Forty-eight hours later, we found ourselves at Bogotá’s El Dorado Airport, ready to revisit the Amazon Rainforest region of Colombia. At the airport, we met up with biologist and nature photographer Andrés Felipe Jimenez, who had flown in to meet us from Medellin, and together we all traveled to Leticia. In this Colombian port town, you enter the Amazon. Andrés—or Felipe, as he likes to be called—told us he had published a study of every plant surrounding the Leticia airport. This guy meant business.
Last summer, we workshopped the first act of Diana’s play at New York Stage and Film. Though it was well received, I encouraged Diana to hold off on writing a second act. I felt an additional research trip was needed, especially since the lead character, Alondra, leaves the coffee region and enters the rainforest on a cliffhanger, leaving NYSAF’s audience members wanting to hear more.
The last time we visited the Amazon, I befriended tour guide Neider Anderson Teteye. We shared a special connection, as he reminded me of my ailing brother José. Neider taught us about the animals of the rainforest and about the deforestation happening. He took us swimming in the Amazon twice and later admitted piranhas were in the water. Still, he told us, “The most dangerous animal in Las Amazonas is the human.” On this trip, we aimed to learn about how the various Indigenous communities there lived and explore plant life. Having lived and worked in the Amazon, Felipe was happy to serve as our plant expert, photographer, and guide.
He suggested our first stop be Leticia’s best restaurant, Tierras Amazónicas. We were exhausted and hungry. Colombia is not an easy place to travel through. As the taxi pulled up to the restaurant, Diana and I got emotional. Coincidentally, this restaurant was where we ate on the final day of our first research trip to the Amazon, covered in mosquito bites and sunburned. We took this as a sign.
Going to Leticia, Diana felt fewer of the constraints of America vs. Colombia because Leticia, a port city that connects Peru, Brazil, and Colombia, is, like all port cities, a melting pot of peoples and languages. It takes concentration and wits to get around. It was raining. Big rain, huge rain—and much needed because, as we learned, the Amazon River was way down. The port where last year we had left on the Transfluvio to Puerto Nariño was inaccessible to bigger boats, and we had a muddy, slippery walk to our new point of transport.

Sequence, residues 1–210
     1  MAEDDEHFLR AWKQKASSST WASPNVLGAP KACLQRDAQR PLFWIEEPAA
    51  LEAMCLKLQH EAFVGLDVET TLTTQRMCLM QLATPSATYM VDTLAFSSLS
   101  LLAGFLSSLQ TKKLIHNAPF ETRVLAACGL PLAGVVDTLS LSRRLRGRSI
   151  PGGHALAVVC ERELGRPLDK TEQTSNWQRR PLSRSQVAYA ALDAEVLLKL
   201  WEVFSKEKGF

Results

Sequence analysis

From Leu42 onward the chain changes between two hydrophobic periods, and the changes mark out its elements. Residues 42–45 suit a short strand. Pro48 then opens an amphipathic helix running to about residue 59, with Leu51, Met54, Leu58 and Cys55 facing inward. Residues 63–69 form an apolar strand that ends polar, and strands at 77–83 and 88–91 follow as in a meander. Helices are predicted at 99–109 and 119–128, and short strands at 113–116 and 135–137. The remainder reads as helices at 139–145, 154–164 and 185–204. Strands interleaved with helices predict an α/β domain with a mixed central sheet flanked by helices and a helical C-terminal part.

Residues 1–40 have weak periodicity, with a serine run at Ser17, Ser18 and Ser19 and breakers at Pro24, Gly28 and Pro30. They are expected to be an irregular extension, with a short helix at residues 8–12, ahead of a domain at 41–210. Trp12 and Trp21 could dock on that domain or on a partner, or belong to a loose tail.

The transfluvial, a long, lean water taxi, was crowded with people, as all “rapid transits” were. One thing you can’t be in the Amazon is a nervous or fussy traveler. And accessibility is negligible. You must be ready to run, climb, and Indiana Jones yourself out of quick mud and flooding rainforest.
Our first landing was Cabañas Alto del Aguila, a lovely eco-lodge a short boat ride from Puerto Nariño proper. It was previously the lodge for the priests who taught at an Indigenous school where the children were indoctrinated, baptized, and otherwise “saved.” The religious aspect made a huge impression: Many elders we spoke to peppered their language with “Gracias a Dios” and other professions of faith, especially when we were chatting with them about their various methods of natural cures, Indigenous medicines, and techniques. As their culture had been considered satanic, so much knowledge and language has been lost.
One difference we noticed was what the native people of the region called themselves. The religious ones referred to themselves as Ticuna, a name the conquistadors gave them to describe the black marking they had on their faces. Those not indoctrinated and fighting to return to their original religious practices and ceremonies told us their name was “Magüta,”i.e., “the people who triumphed.” We had interviews set up with people in the region and did magnificent rainforest walks to get to them.
Things you should know about the Amazon: Everything wants to kill you. The quick mud will suck you into its depths faster than a blink of an eye. Don’t touch trees, leaves, or branches if you’re falling because even if they are not poisonous, there will be a scorpion spider, a (poison) frog, or some other scary creature that will land on you. The wood on the bridges is rotten and will break, the rivers and streams are forded on logs barely wider than your feet, and the rain is relentless. It’s glorious.